- Premier Ford from Ontario announced that despite the recent increase in COVID-19 cases, he is focused on moving to Stage 2 of Ontario's reopening strategy, which will result in the opening of more workplaces (such as some service industries and additional office and retail workplaces), public spaces and will allow for some larger public gatherings.
- Ontario's top criteria for further easing its semi-lockdown is a consistent decline over a two to four-week period in the daily number of new cases. Cases have not declined consistently in three weeks since the implementation of Stage 1 of Ontario's strategy.
- Ontario's health minister is less confident and has stated the public health officials want to delay moving to Stage 2 until there is a steady reduction in the number of daily new cases.
- The City of Toronto is actively encouraging the city's other major downtown employers and post-secondary institutions to follow its lead and continue to support employees, where possible, to work from home until September at the earliest. This is in part to keep pressure off of the Toronto transit system. Once large employers start to have employees return to their offices, there is an agreement that the return will be phased in gradually with staggered start times, where possible, to help maintain physical distancing.
What we are hearing
- As we have discussed previously, we anticipate pressure from the Courts for parties to litigation to settle minor issues between themselves and use non-traditional methods to try to resolve the underlying dispute without taxing the Court's limited ability to hear in person contested applications and trials.
- On June 4, 2020, the Court formally announced that it would be scheduling and hearing non-binding judicial dispute resolutions (JDRs) in June, July, and August. The Court has stated that it will only schedule JDRs in actions where both parties are represented by legal counsel and all agree to proceed via WebEx video and audio. As either an incentive or a warning, the Court has also indicated that there may be limited availability for JDRs in the Fall of 2020, which suggest that the Court will be using its resources to schedule trials which have been forced to be adjourned since March, 2020.
- Although we are confident that the Court will apply the same legal principles and standards of proof in contested applications, we also believe that the Court will likely inquire with counsel what steps were taken by them to resolve issues in light of the Court's announcements and warnings. We are not suggesting that any party should accept an improvident settlement, but having evidence of good faith efforts to resolve issues may be beneficial.
What we are saying
- Employers are justifiably concerned about labour costs once they are permitted to more fully reopen during Stage 2 of Alberta's relaunch strategy. It is unclear how quickly customers will return to their old habits and forecasting the appropriate staffing levels will be challenging.
- One solution is to hire casual, on-call employees who only work when needed. Two issues which have been asked about are (a) the ability of an employer to adjust casual employees' hours based on business need and what limitations there are on those adjustments, and (b) what is an employer's notice obligation to casual employees if the employer decide to terminate the employment relationship. As with most such issues, the key to protect the employer is a properly drafted employment agreement, which likely need be nothing more than a 1 to 2 page offer letter.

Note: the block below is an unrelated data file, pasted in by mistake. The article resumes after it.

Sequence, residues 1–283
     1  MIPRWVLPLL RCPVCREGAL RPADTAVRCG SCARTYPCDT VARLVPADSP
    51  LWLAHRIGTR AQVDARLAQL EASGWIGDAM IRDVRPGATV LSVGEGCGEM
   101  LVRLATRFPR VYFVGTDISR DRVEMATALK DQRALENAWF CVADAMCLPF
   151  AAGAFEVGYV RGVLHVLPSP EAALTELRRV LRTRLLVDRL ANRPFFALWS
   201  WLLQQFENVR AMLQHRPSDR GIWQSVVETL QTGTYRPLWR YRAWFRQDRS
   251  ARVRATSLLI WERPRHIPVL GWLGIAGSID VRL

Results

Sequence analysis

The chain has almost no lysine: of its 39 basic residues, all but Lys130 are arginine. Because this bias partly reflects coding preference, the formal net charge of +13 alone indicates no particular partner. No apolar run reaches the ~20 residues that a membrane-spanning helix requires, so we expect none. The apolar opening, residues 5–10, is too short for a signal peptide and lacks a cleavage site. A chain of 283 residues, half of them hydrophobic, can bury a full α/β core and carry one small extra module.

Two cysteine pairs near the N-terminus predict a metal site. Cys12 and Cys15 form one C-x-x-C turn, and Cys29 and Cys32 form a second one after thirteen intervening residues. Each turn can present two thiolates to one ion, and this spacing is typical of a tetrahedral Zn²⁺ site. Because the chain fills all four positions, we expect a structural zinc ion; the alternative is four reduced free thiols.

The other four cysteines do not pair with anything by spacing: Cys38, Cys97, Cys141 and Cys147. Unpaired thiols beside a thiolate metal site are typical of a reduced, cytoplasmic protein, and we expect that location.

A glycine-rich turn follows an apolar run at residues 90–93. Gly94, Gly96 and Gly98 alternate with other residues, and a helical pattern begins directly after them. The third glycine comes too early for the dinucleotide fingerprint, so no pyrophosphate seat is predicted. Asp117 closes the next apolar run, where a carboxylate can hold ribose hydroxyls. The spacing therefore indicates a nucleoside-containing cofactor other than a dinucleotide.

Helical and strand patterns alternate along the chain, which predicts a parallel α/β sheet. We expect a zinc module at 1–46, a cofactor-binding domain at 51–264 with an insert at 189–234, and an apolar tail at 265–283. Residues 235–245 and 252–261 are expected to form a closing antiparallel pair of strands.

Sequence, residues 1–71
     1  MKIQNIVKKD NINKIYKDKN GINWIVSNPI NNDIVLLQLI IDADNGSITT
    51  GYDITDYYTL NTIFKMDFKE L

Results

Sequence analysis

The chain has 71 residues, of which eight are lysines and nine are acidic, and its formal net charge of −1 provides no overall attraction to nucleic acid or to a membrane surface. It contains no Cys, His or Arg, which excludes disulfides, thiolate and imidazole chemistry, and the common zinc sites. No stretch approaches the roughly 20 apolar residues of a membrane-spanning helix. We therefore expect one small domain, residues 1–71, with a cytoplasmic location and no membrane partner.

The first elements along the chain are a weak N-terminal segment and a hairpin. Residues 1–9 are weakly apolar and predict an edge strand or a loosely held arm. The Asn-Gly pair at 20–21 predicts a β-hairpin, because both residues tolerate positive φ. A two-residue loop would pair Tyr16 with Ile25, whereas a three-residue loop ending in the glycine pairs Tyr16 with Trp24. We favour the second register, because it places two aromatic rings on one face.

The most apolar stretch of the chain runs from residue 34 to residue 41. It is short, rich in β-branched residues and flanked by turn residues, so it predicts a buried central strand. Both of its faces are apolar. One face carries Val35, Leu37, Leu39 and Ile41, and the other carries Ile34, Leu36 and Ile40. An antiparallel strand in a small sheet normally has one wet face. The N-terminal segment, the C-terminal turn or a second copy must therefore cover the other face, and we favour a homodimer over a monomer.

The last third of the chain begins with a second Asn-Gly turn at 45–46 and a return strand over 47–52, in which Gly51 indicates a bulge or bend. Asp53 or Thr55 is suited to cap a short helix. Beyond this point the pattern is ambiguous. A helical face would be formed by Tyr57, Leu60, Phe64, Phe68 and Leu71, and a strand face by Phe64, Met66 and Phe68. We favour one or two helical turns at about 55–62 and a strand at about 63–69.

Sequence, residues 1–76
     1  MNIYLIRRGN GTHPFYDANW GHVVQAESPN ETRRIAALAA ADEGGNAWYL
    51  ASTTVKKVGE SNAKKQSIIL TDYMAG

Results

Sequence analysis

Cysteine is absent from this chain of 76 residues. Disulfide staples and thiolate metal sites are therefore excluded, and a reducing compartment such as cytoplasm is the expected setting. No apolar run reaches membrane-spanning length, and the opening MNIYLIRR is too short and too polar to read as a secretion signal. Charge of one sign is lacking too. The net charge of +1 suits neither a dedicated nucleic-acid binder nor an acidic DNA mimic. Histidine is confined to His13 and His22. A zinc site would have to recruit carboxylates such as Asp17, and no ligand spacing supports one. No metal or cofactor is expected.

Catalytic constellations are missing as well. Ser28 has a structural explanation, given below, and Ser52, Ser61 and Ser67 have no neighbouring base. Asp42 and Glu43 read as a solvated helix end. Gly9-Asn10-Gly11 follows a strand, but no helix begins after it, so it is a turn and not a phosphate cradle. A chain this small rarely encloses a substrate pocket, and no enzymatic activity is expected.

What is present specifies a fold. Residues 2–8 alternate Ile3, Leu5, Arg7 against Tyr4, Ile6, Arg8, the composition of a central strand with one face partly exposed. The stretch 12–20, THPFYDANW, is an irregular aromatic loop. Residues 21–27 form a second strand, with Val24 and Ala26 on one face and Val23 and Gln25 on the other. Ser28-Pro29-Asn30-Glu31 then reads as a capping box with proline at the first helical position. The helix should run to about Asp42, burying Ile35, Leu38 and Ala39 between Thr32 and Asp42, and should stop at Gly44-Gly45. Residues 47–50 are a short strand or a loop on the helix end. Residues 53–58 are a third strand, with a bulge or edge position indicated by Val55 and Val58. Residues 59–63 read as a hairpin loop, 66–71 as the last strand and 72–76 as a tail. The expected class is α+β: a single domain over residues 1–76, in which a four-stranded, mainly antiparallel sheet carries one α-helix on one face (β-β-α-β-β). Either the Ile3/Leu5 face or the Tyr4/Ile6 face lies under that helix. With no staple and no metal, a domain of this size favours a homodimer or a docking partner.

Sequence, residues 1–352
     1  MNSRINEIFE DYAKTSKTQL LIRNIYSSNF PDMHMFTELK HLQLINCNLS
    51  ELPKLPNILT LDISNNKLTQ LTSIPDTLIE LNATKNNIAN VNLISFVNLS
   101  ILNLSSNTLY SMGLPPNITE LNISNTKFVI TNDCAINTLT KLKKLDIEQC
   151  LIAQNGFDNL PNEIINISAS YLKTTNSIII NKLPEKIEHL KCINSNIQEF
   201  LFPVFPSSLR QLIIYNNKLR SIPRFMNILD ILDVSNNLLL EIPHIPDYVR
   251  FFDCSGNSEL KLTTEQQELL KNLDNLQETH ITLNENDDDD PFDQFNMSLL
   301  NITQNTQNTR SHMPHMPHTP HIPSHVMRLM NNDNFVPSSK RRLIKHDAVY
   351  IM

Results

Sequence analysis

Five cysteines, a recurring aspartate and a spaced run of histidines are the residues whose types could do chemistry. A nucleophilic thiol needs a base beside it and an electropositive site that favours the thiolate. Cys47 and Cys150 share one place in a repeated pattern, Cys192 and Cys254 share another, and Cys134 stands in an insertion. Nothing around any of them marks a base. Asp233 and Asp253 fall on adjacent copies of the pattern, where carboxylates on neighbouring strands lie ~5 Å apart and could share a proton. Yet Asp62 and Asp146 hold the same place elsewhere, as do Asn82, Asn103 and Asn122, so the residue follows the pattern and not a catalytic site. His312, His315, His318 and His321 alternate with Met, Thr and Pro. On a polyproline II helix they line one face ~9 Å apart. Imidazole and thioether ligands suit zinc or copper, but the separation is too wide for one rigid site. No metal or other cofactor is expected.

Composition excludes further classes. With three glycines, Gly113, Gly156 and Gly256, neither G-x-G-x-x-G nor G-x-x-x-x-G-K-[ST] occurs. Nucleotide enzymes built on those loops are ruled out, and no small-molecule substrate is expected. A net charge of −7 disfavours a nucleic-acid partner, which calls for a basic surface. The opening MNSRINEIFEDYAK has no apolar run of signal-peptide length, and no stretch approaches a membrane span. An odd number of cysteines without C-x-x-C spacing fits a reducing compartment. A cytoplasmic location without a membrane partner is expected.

- An employer can hire an employee to work variable hours depending on need. The employer must still comply with the sections of the Employment Standards Code which regulates hours worked.
- Section 17(1) of the Code has historically required an employer to notify employees of their start and end time by posting a notice or some other reasonable method. Section 17(2) requires an employee to provide notice of changes to shift schedules. Prior to the temporary changes to the Code necessitated by COVID-19, an employer had to provide at least 24 hours' written notice of changes to shift times. The temporary changes to the Code, which are set to expire in mid-August, allowed an employer to change shifts schedules on less than 24 hours' notice if notice was provided as soon as reasonably possible in the circumstances.
- For on-call workers, as long as the employee can elect to work or not to work for a temporary period, shifts do not need to be posted in advance. However, once an employee is called into work, the employee must be paid for a minimum of three hours.
- For terminating casual employees, the offer letter should contract out of requiring common law notice of termination and should state that the employee will only receive his or her entitlement under the Code. For an employee who has been employed for less than three months, or who has the option to work or not to work for a temporary period, no notice is required. For all other employees, if they are employed for longer than three months but less than two years, only one week notice or pay in lieu of notice would be required.
- Experienced employment counsel should be consulted to properly advise an employer on its hours of work requirements and to ensure the offer letter properly limits the employer's liability when terminating excess staff.